Smoke detectors are very easy to use and so affordable that it is a wonder why not every home has them. In place of an entry level fire alarm system, smoke detectors and a couple of fire extinguishers can work pretty much effectively in stopping most home fires.
About 10% or more of fires reported to the fire department each year are home fires. More revealing though, is the fact that most of the fatalities (60%) caused by fires are from home fires. Almost half of these fire fatalities occur in the tiny 4% of homes that don’t have any smoke alarms. Many of these deaths could have been prevented if the people had enough time to escape or do something about the fire.
Make sure your batteries are working. According to the National Fire Protection Association (NFPA), 20% of smoke detectors or smoke alarms do not work, mostly because their batteries are either dead or missing. Change the batteries every year unless they are the long-life types., like lithium batteries.
A bad habit is to deactivate a smoke detector or remove its batteries because you find false alarms a nuisance. Leave the batteries in them and don’t resort to taking them out just because some other appliance needs them at the moment.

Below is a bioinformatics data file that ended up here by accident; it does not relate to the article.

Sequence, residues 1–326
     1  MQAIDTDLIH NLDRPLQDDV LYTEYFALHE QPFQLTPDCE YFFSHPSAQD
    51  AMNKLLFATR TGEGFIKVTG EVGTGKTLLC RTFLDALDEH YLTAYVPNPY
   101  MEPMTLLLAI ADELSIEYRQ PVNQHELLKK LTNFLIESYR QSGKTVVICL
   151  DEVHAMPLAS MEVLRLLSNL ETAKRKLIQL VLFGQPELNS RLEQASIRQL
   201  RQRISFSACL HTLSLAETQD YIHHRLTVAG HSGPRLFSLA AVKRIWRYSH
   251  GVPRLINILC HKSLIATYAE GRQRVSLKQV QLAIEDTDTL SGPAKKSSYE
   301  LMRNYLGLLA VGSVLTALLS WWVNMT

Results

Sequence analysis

Choose your location carefully. Don’t install any ionization smoke detectors near the kitchen, garage, or bathroom or you’ll get many false alarms. If you live in a multi-storey house, every floor should have at least one smoke detector. The best locations for smoke detectors are on the ceiling near:
- Outside sleeping areas
- Tops of stairwells
- Living rooms
Don’t install the smoke detector near any windows or doors; you don’t want smoke from external sources to interfere with its working. Don’t paint it or put anything over it.
Periodic maintenance is important. Smoke detectors do not last forever. The sensors become less sensitive over time due to dust or the diodes may fuse or short circuit. Periodic maintenance, for example when you change your clocks for daylight saving or when you do spring cleaning, is highly recommended. Vacuum your smoke detector to prevent dust from building up, and test it now and then.